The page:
Core outcome set developers’ response to COVID-19 (7th July 2020)

Background

Many clinical trials and systematic reviews are already underway, or will begin shortly, to strengthen the evidence base for the COVID-19 response. Core outcome sets (COS), showing the outcomes that should be measured and reported in these studies, will ensure that this evidence base will contain, as a minimum, the key information needed by decision makers about the effects of interventions. This briefing paper has been prepared by COMET to summarise work to date on COS for COVID-19 and the COMET team will try to respond to any queries you have about it. COMET will also facilitate contact with COS developers to help determine which COS may be most relevant to your particular research study. A summary of all this work is available in the COMET database - http://www.comet-initiative.org/Studies/Details/1538 and will be updated as further evidence becomes available.


(1) COS for studies for the prevention of COVID-19 transmission


COVID-19 has significant morbidity and mortality, and so recent attention and research has focussed on preventing the transmission of COVID-19. Evidence is accumulating to describe the effectiveness of various interventions (including public health measures and primary and secondary care practices), however, there are challenges with evidence synthesis due to inconsistent selection, measurement and reporting of outcomes. A study is currently being planned to develop COS for studies evaluating public health, primary and secondary care interventions for prevention of COVID-19 transmission [1].

[1] http://www.comet-initiative.org/Studies/Details/1594
Lead(s): Paula R Williamson, University of Liverpool; Jane Blazeby, University of Bristol
Summary: The aim of this study is to develop a ‘core’ COS which will include a minimum set of outcomes relevant to all studies of COVID-19 disease prevention, and to undertake work to inform the development of supplementary specific modules that may be required for key areas of relevance.

(2) COS for studies of any intervention in hospitalised patients with confirmed or suspected COVID-19



Table 1 shows a ‘meta-COS’ resulting from four COS projects conducted in parallel, and agreed by the leads of the projects.

History: In February 2020, three COVID-19 COS projects were registered in the COMET database [2-4]. A fourth was registered in March [5], with the aim of engaging patients in the COS development process, and is therefore complementary to the existing initiatives. Each COS is slightly different in its scope or methods, including the range of stakeholders involved, and they are complementary to one another.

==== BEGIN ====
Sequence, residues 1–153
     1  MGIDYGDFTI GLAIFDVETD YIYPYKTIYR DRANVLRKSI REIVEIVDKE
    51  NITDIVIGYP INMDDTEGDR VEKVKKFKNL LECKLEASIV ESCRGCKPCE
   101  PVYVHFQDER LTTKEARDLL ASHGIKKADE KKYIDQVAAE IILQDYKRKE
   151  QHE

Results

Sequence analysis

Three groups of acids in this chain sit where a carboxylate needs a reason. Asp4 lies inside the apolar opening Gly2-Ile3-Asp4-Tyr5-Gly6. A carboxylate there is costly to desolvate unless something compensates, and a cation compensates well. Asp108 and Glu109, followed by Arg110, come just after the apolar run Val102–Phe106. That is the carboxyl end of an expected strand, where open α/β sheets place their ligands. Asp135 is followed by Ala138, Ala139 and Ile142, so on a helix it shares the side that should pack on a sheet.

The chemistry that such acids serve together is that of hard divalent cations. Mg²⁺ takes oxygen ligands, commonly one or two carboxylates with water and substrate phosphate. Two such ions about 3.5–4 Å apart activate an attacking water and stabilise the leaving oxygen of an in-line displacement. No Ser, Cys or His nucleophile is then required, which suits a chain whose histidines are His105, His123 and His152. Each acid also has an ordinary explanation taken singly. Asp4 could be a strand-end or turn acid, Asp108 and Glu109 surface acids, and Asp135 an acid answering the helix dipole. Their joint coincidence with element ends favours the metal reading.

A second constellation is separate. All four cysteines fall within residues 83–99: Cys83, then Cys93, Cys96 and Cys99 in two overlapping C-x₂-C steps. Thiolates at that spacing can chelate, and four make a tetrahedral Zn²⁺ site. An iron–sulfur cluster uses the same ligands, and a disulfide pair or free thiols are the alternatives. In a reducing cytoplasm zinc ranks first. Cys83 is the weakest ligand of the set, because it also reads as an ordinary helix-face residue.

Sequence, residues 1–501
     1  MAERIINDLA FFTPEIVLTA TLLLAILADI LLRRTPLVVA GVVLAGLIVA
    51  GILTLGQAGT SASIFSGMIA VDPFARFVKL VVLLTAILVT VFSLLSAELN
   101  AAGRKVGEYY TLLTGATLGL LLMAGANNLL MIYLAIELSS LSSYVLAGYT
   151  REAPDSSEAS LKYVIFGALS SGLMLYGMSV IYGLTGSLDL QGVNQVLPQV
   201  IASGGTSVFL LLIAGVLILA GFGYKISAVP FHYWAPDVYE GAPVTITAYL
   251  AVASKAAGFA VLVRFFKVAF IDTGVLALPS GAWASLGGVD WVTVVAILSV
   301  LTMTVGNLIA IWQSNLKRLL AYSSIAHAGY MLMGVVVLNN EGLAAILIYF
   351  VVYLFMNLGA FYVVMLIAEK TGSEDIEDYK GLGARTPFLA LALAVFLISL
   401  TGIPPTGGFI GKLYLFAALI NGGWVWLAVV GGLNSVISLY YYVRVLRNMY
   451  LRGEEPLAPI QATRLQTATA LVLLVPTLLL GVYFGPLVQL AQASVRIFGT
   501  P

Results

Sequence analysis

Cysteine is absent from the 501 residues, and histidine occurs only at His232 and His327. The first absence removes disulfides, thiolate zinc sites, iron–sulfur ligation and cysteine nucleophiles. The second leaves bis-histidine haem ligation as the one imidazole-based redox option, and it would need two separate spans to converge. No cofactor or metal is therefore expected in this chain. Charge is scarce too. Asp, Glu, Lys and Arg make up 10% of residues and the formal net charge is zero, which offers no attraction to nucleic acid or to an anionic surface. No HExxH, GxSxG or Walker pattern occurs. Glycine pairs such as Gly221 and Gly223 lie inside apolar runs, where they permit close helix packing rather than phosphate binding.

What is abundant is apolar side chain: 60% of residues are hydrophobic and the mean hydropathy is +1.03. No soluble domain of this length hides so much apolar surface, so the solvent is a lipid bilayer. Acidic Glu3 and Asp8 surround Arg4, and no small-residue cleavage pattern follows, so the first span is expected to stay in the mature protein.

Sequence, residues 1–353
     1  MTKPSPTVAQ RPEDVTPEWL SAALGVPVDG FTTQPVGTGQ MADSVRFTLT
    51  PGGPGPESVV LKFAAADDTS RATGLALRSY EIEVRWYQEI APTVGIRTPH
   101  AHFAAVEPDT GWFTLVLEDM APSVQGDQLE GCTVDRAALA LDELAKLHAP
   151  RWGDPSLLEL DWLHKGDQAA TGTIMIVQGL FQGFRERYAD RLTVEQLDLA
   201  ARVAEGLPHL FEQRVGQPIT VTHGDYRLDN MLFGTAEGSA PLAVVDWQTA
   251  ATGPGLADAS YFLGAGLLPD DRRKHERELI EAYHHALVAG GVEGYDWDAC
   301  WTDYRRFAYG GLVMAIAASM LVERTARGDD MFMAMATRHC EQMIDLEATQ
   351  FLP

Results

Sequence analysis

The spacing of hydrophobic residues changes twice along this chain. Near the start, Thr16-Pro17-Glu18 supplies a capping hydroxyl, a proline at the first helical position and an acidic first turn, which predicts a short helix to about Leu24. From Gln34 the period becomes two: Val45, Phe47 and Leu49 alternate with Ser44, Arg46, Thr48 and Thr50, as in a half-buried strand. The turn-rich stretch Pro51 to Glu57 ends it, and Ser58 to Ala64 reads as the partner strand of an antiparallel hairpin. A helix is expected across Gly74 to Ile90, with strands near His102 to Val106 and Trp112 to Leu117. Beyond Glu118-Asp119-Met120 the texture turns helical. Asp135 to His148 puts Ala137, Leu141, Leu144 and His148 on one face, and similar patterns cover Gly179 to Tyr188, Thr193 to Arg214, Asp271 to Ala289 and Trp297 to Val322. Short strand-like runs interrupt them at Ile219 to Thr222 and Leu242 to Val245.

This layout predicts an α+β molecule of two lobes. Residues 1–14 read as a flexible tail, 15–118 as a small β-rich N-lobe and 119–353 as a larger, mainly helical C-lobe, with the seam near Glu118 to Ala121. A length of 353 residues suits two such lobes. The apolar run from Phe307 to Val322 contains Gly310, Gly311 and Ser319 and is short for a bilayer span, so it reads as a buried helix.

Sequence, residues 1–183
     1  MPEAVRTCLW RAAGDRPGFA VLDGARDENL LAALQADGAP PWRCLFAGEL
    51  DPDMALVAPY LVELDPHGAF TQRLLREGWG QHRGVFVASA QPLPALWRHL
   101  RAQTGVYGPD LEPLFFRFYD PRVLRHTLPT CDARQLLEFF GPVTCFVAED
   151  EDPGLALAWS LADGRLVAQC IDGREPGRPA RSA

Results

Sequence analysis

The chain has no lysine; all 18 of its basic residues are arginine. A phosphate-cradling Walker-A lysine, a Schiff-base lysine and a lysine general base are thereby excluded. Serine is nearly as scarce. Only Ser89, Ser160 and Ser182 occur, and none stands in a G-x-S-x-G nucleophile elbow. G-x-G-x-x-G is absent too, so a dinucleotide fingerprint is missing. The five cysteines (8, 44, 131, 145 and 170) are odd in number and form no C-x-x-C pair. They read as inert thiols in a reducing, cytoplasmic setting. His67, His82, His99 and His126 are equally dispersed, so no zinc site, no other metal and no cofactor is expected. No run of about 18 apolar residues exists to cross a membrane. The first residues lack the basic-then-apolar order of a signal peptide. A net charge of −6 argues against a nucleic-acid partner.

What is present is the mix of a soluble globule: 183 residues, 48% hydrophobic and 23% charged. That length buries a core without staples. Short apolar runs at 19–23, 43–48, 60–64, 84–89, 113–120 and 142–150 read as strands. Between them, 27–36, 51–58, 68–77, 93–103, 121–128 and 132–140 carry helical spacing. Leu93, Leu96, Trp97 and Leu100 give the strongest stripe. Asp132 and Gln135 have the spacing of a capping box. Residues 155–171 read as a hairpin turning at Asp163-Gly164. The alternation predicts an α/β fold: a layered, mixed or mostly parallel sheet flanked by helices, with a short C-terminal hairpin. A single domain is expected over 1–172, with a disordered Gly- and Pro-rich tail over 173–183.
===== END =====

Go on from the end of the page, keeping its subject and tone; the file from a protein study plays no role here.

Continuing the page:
Earlier work by ISARIC sought to standardize outcome data collected by research networks conducting clinical and epidemiological research in preparation for and during epidemics and pandemics [6]. In addition, existing COS projects for specific interventions used in and after critical care may be relevant [7-10].

Teleconferences were convened with representatives of the four COVID-19 COS for studies of in hospital patients (Junhua Zhang, John Marshall, Ruijin Qiu, Allison Tong) and the COMET Initiative (Paula Williamson, Liz Gargon, Mike Clarke). These discussions will continue, in order to maintain awareness of work on this topic, determine what information to disseminate more widely, and promote the uptake of COS in relevant research.

The three completed COS [2-4] overlap, and a ‘meta-COS’ for research in adult hospitalised patients (Table 1) was agreed by the leads of the COS development projects [2-4] during a teleconference on 2nd April 2020. The preliminary results of the fourth COS [5] also agree with the meta-COS, and Table 1 has been updated accordingly. The analysis of the full results of this work is still underway, and Table 2 will be updated in due course.

Adverse events: Adverse events, relevant to the particular research question, should also be measured and reported.

Paediatric studies: During the COVID-19 pandemic, children have generally presented with mild disease. The rates of clinical infection, hospitalisation, need for respiratory support, and mortality, are low. Current and future clinical trials are focussed on adults with COVID-19 who are acutely or critically ill, and hospitalised or on intensive care. From a paediatric perspective it is reasonable to utilise the adult meta-COS for COVID-19 in studies of children, or those in which children are included with adults. As clinical trials are developed to evaluate vaccines and prophylactic medications, the studies may be more focussed on children and relevant efficacy and safety outcomes for this age group may need to be reconsidered.

Each of the COS include other core outcome domains for hospitalised patients, and also core outcome domains for those patients with asymptomatic or mild disease who are not hospitalised. These other outcomes deemed core but not in all COS are described in Table 2.

COS for COVID-19 studies

[2] http://www.comet-initiative.org/Studies/Details/1528
Lead: John Marshall, University of Toronto, Canada on behalf of the WHO Working Group on the Clinical Characteristics of COVID-19 infection